The Effectiveness of Retro-Reflective Tape at the Rear of Heavy Trucks: Enhancing Visibility and Reducing Rear-End Collisions


This information in this article is derived in part from a study conducted by the IATSS (International Association of Traffic and Safety Studies). The studies goal was to determine how varying reflective tape patterns and colors, as well as tape widths affect vehicle visibility for approaching drivers. While the primary focus was on rear-end collisions, the findings are also relevant for preventing side impacts. As with all reflective conspicuity treatments for vehicles, their effectiveness in reducing collisions is greatest at night.

Rear-end collisions involving heavy trucks are a significant safety concern, particularly in developing countries with mixed traffic systems. These accidents, although not the most frequent, often result in severe injuries or fatalities, especially during nighttime. Limited visibility of heavy trucks in low-light conditions significantly contributes to these accidents. To address this issue, retro-reflective tape has been adopted as a cost-effective solution to improve truck visibility and reduce rear-end collisions. This article examines the effectiveness of various colors, patterns and widths of retro-reflective tape treatments and their impact on visibility, detection distance, perception-reaction time, and driver stress.


The IATSS study utilized the Kitami Institute of Technology Driving Simulator (KITDS) to simulate various driving conditions and measure the effectiveness of different retro-reflective tape patterns. Nine basic patterns were studied, including block patterns at the bottom area of the rear of a truck in different widths, block patterns that cover the perimeter of the rear of the truck, chevron panels in two color combinations, and a blank control pattern. Lime/red and white/red color combinations were used to determine which combination was most detectable. Participants were exposed to different scenarios, including varying weather and lighting conditions, to evaluate how these factors influence detection distance and perception-reaction time. The study also used BACS Advance equipment to monitor heart rate and assess driver stress levels.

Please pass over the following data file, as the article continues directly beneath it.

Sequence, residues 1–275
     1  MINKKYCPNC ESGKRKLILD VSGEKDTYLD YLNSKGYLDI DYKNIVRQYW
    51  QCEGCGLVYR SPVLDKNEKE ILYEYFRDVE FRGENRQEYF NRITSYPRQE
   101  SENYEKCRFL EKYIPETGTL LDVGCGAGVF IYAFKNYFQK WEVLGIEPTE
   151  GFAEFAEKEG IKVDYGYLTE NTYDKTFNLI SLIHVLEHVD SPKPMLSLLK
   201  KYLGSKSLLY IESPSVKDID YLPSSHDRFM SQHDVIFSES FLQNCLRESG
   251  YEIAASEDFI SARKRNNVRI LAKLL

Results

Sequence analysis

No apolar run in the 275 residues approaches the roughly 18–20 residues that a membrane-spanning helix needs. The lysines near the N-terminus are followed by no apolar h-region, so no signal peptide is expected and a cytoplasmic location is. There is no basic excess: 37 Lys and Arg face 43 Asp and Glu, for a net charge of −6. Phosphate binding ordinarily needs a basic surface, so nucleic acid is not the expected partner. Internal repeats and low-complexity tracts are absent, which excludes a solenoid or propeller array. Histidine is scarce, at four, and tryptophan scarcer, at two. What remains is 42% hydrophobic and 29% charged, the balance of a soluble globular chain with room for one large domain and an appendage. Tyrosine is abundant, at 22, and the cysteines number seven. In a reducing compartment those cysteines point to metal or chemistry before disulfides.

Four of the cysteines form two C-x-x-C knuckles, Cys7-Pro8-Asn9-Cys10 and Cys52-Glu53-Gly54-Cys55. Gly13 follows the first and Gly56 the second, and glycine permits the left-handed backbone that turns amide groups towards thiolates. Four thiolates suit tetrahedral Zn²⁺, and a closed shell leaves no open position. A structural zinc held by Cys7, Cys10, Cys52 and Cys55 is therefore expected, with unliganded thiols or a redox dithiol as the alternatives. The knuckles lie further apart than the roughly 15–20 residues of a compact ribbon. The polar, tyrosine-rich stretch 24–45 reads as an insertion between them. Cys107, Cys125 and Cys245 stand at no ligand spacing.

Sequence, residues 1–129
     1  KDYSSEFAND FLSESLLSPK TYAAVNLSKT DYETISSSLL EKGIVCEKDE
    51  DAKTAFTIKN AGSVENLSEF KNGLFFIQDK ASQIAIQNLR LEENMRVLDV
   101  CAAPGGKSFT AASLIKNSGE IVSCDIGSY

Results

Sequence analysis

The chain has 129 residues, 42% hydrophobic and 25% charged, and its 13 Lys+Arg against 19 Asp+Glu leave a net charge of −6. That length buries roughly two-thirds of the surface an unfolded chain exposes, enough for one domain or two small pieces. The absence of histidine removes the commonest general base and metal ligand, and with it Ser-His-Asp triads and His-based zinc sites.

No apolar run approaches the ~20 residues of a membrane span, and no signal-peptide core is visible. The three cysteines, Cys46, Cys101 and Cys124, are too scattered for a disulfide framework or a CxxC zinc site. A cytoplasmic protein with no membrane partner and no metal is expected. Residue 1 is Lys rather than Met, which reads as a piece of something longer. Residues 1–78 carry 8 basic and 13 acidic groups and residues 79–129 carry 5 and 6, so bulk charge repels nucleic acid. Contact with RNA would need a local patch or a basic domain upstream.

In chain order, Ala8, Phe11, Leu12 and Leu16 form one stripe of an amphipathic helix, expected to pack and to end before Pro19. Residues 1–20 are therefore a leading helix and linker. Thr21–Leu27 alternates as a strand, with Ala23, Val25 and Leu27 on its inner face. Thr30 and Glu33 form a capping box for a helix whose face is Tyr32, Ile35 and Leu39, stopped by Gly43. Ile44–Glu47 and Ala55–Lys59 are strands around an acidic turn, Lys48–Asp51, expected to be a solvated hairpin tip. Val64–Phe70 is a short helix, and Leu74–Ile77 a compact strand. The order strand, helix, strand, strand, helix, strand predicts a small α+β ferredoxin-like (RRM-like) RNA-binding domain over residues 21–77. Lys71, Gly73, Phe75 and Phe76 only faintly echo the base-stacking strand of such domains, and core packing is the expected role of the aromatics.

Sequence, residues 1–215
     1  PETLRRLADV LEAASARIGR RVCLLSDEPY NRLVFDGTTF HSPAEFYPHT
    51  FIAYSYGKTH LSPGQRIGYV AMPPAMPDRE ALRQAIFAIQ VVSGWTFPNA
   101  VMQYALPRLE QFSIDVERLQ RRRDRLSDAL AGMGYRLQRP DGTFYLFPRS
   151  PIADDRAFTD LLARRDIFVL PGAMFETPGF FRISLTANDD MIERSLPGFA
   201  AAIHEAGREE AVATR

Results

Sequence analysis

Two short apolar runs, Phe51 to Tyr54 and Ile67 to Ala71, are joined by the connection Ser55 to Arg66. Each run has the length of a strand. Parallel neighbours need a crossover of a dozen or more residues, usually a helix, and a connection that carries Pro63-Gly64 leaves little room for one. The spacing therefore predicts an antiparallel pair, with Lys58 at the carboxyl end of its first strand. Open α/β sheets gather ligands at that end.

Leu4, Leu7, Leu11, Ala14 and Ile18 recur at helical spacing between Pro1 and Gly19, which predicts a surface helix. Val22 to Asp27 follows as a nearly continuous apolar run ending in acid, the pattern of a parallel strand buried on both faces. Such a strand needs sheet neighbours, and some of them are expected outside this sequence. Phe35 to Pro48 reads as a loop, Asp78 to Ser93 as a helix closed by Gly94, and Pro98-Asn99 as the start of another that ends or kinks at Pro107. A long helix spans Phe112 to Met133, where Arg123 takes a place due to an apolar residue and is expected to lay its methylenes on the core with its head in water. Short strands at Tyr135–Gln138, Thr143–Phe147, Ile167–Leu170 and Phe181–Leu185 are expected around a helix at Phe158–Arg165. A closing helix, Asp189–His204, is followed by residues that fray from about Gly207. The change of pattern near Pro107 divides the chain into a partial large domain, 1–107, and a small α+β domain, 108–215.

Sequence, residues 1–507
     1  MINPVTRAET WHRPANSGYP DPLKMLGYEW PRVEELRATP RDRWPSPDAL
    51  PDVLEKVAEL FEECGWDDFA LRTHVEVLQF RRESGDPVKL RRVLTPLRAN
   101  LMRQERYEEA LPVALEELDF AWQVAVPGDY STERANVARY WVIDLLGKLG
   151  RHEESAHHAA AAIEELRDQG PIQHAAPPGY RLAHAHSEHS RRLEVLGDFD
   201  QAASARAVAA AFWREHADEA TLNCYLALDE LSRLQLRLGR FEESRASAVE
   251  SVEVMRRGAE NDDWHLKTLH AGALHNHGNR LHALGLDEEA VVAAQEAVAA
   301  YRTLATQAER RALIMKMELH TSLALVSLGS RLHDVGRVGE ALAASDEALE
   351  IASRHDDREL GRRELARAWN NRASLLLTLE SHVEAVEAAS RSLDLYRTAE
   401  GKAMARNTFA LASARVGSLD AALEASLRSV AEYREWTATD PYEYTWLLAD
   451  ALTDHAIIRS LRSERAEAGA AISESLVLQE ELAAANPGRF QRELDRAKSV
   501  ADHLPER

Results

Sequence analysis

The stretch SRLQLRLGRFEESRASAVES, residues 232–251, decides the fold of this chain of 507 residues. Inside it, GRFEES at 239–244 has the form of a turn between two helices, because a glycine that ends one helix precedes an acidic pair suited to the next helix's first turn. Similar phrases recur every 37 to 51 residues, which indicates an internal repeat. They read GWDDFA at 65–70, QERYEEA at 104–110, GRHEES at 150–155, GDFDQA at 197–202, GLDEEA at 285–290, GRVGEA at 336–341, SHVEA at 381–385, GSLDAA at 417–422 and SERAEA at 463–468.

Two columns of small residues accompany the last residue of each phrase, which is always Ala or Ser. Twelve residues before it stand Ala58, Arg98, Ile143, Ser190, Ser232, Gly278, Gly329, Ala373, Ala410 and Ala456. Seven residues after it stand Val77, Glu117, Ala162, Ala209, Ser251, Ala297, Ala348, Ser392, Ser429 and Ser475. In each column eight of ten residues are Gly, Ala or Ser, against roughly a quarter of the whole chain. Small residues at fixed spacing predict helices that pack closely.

Three key experiments were conducted:

  1. Comparison of Retro-Reflective Tape Patterns, Color Combinations, and Tape Width:
    • Objective: To evaluate the visibility of different tape patterns in varying color combinations and widths.
    • Participants: 19 volunteers (10 males, 9 females), aged 21-68.
    • Method: Participants drove in the simulator and identified which truck (displaying different tape patterns) they recognized first.
  2. Detection Distance Measurement:
    • Objective: To measure how far behind a truck a driver can detect the retro-reflective tape.
    • Participants: 21 volunteers (12 males, 9 females), average age 29.
    • Method: Participants drove at set speeds (60 km/h and 100 km/h) and noted when they first detected the reflective tape.
  3. Perception-Reaction Time and Heart Rate:
    • Objective: To measure the time taken for drivers to react to seeing a truck and to monitor heart rate changes.
    • Participants: 14 volunteers (6 males, 8 females), aged 21-69.
    • Method: Participants drove at 80 km/h, and their reaction times and heart rates were recorded upon recognizing the tape.

Results and Discussion